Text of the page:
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Cucúlin

He took him down, and putting the head on his body, struck him a blow of the rod and made the finest looking man of him that could be found. The man went back to his own home happy and well.

Cucúlin never stopped till he came to the castle of Gil an Og. She was outside with a fine welcome before him; and why not, to be sure, for he had the rod of enchantment and the ring of youth!

When she entered the castle and took the form of a cat, he struck her a blow of the rod and she gained the same form and face she had before the king of Greece struck her. Then he asked, "Where is your sister?" "In the lake there outside," answered Gil an Og, "in the form of a sea-serpent." She went out with him, and the moment they came to the edge of the lake the sister rose up near them. Then Cucúlin struck her with the rod and she came to land in her own shape and countenance.

Next day they saw a deal of vessels facing the harbor, and what should they be but a fleet of ships, and on the ships were the king of Greece, Lug Longhand, the knight of the island of the Flood, the Dark Guagach of the Northern Island and Thin-in-Iron: and they came each in his own vessel to know was there any account of Cucúlin. There was good welcome for them all, and when they had feasted and rejoiced together Cucúlin married Gil an Og. The king of Greece took Gil an Og's sister, who was his own wife at first, and went home.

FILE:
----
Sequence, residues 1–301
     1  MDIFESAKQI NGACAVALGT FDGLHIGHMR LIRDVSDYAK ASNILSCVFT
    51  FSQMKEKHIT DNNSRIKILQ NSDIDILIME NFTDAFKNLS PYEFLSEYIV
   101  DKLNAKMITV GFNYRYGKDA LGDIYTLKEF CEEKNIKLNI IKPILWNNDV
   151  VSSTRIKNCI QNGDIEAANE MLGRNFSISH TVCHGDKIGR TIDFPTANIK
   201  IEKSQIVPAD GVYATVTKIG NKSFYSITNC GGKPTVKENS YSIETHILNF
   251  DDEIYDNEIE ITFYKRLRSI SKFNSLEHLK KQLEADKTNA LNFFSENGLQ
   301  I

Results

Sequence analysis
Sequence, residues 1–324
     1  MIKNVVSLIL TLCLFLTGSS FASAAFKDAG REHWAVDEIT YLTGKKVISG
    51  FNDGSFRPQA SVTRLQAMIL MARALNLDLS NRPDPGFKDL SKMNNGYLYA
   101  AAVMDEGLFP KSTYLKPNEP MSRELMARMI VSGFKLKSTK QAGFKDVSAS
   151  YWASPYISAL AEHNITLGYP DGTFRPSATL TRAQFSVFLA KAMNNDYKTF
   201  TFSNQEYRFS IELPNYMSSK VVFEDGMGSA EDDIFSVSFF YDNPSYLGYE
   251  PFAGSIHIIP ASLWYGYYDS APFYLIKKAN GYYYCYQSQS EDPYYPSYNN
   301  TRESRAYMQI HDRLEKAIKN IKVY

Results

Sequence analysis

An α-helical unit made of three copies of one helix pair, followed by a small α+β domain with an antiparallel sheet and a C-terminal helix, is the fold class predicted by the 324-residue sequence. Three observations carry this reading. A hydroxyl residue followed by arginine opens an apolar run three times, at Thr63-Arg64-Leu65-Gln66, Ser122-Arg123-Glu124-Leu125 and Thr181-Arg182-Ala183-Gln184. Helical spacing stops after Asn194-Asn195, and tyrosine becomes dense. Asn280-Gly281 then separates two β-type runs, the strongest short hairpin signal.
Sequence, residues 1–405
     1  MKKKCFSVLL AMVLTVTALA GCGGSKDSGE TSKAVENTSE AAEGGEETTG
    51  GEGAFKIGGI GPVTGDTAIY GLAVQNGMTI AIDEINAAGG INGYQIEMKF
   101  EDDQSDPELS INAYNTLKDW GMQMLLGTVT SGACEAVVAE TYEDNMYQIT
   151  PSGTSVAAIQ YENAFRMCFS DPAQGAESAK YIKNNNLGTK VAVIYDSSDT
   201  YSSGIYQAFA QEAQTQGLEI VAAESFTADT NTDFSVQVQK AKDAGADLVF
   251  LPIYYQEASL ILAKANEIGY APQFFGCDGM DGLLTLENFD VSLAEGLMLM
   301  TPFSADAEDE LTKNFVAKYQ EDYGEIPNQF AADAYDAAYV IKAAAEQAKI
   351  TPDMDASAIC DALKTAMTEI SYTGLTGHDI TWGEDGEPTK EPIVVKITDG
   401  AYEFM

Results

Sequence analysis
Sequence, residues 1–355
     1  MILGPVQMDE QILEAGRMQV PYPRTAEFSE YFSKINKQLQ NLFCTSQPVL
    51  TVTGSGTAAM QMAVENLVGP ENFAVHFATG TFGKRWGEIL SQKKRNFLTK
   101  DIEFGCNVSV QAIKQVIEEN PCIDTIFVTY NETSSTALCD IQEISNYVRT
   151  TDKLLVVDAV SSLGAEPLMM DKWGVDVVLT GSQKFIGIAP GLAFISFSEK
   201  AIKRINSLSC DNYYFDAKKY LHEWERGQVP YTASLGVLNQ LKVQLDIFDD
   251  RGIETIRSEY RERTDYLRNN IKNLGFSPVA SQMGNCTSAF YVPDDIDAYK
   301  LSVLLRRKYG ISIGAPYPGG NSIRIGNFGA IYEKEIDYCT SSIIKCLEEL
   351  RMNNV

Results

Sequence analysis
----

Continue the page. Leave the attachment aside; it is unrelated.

Cucúlin went away himself with his wife Gil an Og, never stopping till he came to Erin; and when he came, Fin MacCumhail and his men were at KilConaly, near the river Shannon.

When Cucúlin went from Erin he left a son whose mother was called the Virago of Alba: she was still alive and the son was eighteen years old. When she heard that Cucúlin had brought Gil an Og to Erin, she was enraged with jealousy and madness. She had reared the son, whose name was Conlán, like any king's son, and now giving him his arms of a champion she told him to go to his father.

"I would," said he, "if I knew who my father is.

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